What are the steps for reporting abuse or assault? This process is explained well in the Sexual Harassment policy and Rammell referred to its contents when answering this question. The decision of whether to report an assault is a difficult one for most people, and Rammell acknowledged the confusion described by many students about what to report and where.
“Sometimes a student doesn’t want to talk about what happened to them, and that’s ok, but what they’re really looking for is someone who can help keep them safe and explain their options,” Rammell said as he explained that there are supportive measures to students even in the absence of a report.
When a student comes to the Title IX Office, Rammell said he’s usually focused on the student’s safety and support.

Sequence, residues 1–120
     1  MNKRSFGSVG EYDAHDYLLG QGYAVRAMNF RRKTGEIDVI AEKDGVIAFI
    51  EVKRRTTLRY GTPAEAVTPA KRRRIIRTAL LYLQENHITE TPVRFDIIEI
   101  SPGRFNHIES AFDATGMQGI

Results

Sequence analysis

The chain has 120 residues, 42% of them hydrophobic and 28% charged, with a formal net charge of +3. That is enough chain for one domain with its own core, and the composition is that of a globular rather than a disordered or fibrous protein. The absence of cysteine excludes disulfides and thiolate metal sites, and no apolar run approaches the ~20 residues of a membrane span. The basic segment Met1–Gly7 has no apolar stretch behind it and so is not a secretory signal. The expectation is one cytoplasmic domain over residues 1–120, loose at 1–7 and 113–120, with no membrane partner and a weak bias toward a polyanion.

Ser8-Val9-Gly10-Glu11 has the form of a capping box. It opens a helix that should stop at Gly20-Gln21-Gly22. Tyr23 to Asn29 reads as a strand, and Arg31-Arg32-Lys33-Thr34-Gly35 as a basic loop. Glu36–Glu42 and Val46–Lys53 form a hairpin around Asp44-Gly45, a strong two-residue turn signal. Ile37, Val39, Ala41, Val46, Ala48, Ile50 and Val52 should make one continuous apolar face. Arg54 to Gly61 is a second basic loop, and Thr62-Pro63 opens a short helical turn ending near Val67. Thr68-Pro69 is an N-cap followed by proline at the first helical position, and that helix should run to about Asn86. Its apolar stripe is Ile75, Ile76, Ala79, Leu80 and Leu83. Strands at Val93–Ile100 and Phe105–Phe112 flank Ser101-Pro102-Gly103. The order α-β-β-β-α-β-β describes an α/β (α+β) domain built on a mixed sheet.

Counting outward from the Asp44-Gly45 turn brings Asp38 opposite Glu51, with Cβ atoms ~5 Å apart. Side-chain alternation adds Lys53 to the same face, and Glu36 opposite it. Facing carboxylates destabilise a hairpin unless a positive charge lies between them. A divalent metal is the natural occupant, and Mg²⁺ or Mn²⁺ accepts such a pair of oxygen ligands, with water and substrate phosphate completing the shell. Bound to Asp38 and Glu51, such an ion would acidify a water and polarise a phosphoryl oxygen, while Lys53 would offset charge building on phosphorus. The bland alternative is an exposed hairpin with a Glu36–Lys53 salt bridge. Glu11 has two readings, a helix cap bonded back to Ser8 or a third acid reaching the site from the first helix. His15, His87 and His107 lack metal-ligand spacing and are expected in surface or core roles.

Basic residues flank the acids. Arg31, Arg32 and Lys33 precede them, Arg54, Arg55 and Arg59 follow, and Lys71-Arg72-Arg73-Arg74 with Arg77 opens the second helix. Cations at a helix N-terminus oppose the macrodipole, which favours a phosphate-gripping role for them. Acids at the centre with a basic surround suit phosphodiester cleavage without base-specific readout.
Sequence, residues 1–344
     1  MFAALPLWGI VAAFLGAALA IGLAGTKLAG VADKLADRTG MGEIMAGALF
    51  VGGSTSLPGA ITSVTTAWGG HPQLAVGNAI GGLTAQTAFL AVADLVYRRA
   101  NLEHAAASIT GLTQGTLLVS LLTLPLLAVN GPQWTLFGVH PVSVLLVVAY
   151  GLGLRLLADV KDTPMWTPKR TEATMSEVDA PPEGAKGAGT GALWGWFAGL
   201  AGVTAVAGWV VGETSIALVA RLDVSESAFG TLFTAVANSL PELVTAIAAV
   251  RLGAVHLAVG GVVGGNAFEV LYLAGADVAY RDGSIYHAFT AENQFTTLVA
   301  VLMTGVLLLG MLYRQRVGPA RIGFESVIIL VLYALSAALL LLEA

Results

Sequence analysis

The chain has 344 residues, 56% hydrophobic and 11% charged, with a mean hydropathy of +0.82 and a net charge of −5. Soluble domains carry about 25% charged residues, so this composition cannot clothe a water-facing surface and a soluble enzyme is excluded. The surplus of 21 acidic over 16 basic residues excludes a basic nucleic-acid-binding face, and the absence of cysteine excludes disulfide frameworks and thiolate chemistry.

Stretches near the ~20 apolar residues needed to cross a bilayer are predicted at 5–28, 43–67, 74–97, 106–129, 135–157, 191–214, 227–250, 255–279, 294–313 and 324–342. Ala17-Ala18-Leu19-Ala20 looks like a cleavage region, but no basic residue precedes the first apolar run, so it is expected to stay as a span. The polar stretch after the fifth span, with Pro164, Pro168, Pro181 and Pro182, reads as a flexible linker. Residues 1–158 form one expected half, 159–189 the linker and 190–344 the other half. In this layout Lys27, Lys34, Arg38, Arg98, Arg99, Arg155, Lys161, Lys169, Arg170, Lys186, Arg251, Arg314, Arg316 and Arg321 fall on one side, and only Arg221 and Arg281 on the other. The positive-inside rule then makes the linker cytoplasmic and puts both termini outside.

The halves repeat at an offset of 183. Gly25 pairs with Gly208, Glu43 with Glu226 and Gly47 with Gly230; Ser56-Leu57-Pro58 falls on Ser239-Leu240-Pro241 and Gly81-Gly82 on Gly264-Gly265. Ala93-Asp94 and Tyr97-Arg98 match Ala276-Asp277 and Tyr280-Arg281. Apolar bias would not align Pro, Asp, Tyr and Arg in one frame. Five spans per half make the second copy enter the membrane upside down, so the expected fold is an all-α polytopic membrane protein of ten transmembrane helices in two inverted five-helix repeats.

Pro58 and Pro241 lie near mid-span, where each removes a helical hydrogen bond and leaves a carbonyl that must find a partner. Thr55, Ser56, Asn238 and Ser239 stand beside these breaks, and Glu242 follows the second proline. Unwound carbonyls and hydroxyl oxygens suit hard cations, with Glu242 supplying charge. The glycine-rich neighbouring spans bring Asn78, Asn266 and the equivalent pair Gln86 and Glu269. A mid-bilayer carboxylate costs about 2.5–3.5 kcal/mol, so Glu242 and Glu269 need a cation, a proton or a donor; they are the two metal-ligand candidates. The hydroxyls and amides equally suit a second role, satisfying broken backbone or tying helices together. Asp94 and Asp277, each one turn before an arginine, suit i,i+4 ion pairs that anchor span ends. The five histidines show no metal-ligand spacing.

“It’s hard to focus on making a report if you don’t feel safe or have the support you need,” Rammell said.
When those issues are addressed, Rammell will explain all reporting options to students and answer any questions they have about those processes. Rammell welcomes the opportunity to visit with any student with any question, and they don’t need to share their name or identity until they are comfortable sharing it.
Resources for students:
— Nick Rammell, the Title IX coordinator: 290 Spencer W. Kimball Administrative Building, 208-496-9209, email@example.com.
— Emily Brumbaugh, sexual assault support counselor: BYU-I Counseling Center, 285 Student Health Center, 208-496-9370, firstname.lastname@example.org.
— BYU-I’s policy on sexual harassment.
— The RAINN website for hotlines and crisis help.